How the Kidnapping of an Israeli Soldier Could Change the Course of the Conflict

The complexion of the three-and-a-half week battle between Israel, Hamas, and other militant groups in Gaza, could be completely upended by the reported kidnapping of an Israeli soldier on Friday.

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1:55 p.m.: Following word of the kidnapping, the violence has skyrocketed with Palestinians reporting dozens dead in Rafah, near Gaza's border between Egypt and Israel, where Hadar Goldin was said to have been abducted. Throughout the day, rocket fire from Gaza continued to put communities larger in southern Israel on alert.

Meanwhile, the reported kidnapping continues to garner international condemnation with the United States and United Nations among those chiming in. As Chemi Shalev points out, this development has at least temporarily altered the nature of the conversation about the conflict, which for the past several days has been focused on the high Palestinian death toll and incidents in which shelters and schools have come under Israeli fire.

The accompanying international outcry was cited as a major factor in what drove Israel to accept a temporary ceasefire on Thursday. Shalev writes:

But the suspected capture of Goldin near Rafah, more than the simple fact that Hamas had violated the cease-fire, could change that game completely. While ministers and army generals may agree in theory...that Goldin’s capture should not change Israel’s overall strategy, the political and psychological elements that come into play could override otherwise cool and calculated considerations.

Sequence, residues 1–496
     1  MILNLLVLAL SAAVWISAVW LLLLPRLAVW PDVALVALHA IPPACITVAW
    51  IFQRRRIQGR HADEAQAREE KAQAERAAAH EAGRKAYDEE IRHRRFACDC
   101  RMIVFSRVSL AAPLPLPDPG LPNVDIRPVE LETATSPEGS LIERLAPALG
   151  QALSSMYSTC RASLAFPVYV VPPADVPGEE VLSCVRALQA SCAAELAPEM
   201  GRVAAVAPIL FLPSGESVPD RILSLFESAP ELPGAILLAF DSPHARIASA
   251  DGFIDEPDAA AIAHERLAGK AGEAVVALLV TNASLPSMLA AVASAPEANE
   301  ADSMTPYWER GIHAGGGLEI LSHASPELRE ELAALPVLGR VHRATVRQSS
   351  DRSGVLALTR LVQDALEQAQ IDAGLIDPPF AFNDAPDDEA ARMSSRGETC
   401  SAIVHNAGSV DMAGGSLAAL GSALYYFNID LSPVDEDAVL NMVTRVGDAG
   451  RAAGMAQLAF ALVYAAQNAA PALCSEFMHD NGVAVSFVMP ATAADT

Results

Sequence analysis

Jeffrey Goldberg, in a post entitled "The Most Dangerous Moment in Gaza," adds this:

 If the events of earlier today happened as initial reports depict, then Israel will consider this incident an engraved invitation from Hamas to launch something close to a full-scale invasion of Gaza.

Israel being both a small country and a place where army service is a compulsory and almost universal rite of passage, the abduction of a soldier has already already prompted a large search operation in the southern Gaza. Should that fall short, expect things to get worse.

As it goes, a further widening of the Israeli operation in Gaza was the subject of an Israeli security cabinet meeting. In an attempt to avoid this outcome, U.S. Secretary of State John Kerry has called upon "those with influence over Hamas" to press for the release of the soldier.

Original Post

The complexion of the three-and-a-half week battle between Israel, Hamas, and other militant groups in Gaza, could be completely upended by the reported kidnapping of an Israeli soldier on Friday.

The details of the attack, in which 23-year-old Hadar Goldin was reportedly taken by  Gaza forces, is still a matter of conjecture. Hamas confirmed and then unconfirmed that it had abducted Goldin, who is being described as "a British-born distant cousin of [Israeli] Defense Minister Moshe Ya’alon." Israel says the abduction took place well after the 72-hour ceasefire began, something which Hamas also denies. The White House said this (via Times of Israel):